Could tech help to curb workplace violence in healthcare?

Could tech help to curb workplace violence in healthcare?

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Healthcare workers, especially in psychiatric and drug addiction units, can face potential violence from patients during the scope of their work. Such violence has increased during the course of the pandemic. For example, Scripps Health in San Diego, California reported a 17% increase in violence against staff from December 2020 to December 2021.

Such an increase amongst an already taxed healthcare work force that is overextended and overworked begs the question: What is to be done to keep our healthcare workers safe? Besides additional staffing, some proposed increasing the charges for such violence against workers. But there could be other, tech-based, solutions too.

One company is addressing violence against healthcare workers with a panic button. Philadelphia-based ROAR for Good makes the AlwayOn button that nurses wear to easily call for help when a situation seems to be escalating so the facility can deploy staff to the site quickly.

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Nurse wearing ROAR for Good’s product: AlwaysOn.

In practice, the current protocol to protect against violence entails attempting to diffuse situations as they arise and then reporting the incident after it happened if it did not deescalate appropriately.

The Behavioral Wellness Center in Philadelphia – a behavioral hospital that has psychiatric and addiction services – is already implementing AlwaysOn. Nurses clip the AlwaysOn button onto their scrubs. The quarter-sized button works via wireless alert technology and does not rely on the internet. When a situation escalates, the provider can push the button, which sends a help signal to the nurses’ station along with the exact room location of the button. Additional staff  – who are at the nurses’ station – can then quickly relocate to help. If the wearer moves to a different room, the signal updates accordingly so more people go to the location in need.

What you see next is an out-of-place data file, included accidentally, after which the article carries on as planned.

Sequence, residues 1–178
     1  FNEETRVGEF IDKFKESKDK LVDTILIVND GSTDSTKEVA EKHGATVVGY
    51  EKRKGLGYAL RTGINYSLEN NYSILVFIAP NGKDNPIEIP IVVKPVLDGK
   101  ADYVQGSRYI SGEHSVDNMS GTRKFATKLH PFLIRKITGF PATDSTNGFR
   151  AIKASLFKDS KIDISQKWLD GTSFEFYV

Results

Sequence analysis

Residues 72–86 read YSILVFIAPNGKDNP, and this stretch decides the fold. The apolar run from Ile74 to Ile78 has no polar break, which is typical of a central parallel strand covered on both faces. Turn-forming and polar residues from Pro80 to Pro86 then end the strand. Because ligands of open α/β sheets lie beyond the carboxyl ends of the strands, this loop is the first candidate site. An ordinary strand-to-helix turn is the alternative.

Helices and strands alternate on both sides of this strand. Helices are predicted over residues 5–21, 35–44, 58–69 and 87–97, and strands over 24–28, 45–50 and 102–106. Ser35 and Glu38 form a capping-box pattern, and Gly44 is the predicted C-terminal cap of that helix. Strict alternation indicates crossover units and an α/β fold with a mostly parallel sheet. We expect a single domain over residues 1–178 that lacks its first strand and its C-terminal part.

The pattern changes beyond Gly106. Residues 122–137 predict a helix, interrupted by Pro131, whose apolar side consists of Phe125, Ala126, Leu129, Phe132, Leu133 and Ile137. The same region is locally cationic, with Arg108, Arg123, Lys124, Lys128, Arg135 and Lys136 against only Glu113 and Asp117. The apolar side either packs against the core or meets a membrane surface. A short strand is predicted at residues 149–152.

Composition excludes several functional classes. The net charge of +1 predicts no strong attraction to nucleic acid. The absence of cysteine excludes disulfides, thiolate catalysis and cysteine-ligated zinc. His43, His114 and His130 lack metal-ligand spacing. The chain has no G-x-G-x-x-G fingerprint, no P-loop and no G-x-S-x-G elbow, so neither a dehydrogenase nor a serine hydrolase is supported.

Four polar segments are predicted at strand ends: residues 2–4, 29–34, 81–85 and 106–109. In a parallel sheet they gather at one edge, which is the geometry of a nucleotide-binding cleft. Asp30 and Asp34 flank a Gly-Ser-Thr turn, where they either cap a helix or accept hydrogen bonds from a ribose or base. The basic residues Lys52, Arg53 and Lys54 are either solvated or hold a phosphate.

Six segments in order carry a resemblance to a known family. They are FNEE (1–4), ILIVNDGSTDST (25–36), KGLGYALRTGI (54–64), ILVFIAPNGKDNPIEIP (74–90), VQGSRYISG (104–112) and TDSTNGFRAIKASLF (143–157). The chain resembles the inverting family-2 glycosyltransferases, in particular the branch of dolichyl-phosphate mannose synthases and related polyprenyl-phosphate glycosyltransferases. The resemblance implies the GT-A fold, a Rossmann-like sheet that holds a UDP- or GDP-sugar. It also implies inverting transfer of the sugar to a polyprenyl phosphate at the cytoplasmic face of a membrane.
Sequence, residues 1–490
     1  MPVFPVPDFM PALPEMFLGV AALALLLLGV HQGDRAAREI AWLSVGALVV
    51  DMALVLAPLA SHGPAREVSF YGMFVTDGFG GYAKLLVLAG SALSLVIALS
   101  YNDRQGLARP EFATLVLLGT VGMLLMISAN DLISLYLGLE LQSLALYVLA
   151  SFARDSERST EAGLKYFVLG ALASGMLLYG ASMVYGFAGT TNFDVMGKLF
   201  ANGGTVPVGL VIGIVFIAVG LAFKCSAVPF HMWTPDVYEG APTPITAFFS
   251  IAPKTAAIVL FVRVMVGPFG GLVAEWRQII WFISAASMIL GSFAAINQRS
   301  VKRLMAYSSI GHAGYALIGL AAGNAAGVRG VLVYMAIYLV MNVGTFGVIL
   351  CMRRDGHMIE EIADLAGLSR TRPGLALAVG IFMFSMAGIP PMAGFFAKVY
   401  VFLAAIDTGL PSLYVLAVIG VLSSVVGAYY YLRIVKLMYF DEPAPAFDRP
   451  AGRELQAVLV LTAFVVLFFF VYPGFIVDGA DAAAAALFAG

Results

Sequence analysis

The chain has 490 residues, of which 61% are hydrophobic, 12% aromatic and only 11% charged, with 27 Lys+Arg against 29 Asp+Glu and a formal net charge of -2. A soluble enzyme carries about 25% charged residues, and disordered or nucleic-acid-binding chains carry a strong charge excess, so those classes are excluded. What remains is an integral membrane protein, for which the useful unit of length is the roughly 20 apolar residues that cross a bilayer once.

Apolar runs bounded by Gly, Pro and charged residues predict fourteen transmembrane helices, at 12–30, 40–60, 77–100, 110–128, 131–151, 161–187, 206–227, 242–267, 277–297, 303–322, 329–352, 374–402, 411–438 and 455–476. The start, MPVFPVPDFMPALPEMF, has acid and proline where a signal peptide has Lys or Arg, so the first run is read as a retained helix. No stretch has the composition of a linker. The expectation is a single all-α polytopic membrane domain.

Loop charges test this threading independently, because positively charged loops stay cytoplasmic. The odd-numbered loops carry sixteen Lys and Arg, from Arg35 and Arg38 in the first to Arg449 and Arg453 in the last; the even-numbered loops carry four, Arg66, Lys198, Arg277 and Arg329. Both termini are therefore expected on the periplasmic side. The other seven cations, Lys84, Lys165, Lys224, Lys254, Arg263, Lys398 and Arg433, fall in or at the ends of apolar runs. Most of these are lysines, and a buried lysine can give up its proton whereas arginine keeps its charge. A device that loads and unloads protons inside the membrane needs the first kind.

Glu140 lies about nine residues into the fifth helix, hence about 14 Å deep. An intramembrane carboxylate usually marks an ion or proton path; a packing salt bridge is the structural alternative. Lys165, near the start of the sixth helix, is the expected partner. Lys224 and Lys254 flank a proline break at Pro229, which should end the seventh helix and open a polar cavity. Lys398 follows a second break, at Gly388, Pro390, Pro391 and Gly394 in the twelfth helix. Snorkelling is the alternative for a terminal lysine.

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“The psych side in particular [has] several units where we have clients who are very sick. There is and can be some violence. We have additional staff on hand, but there are times there is not enough staff on hand, especially on later shifts, and there is a chance for violence,” said Doug Maier, CFO for the Behavioral Wellness Center in Philadelphia. “[AlwaysOn] gives employees a sense of feeling safe. It’s incumbent upon us to make them feel safe.”

ROAR sizingThe AlwaysOn panic button can be worn on scrubs

Maier explained that the button has a secondary benefit, too: patients see the panic button and it decreases violent behavior before it happens, since patients know help will arrive quickly.

In the wake of Covid-19 and ever increasing provider burnout, it can be hard to find enough staff. AlwaysOn attempts to make the job safer, lessening one barrier to finding and retaining good help, according to Maier.

“I was really focused on what do people think. And I just got such positive feedback from the employees that they liked [AlwaysOn]. That it felt good. It felt safe. And we were at a point where we were starting to get exposed to some acts of violence, so it was perfect timing for us [to use AlwaysOn],” said Maier.

Each AlwaysOn unit can cost around $1-$2 dollars per employee, per day based on a five year term, according to Peter Klebanoff, senior vice president of sales and marketing at ROAR for Good, in an email forwarded from a representative.

Photo: Getty Images; ROAR for Good

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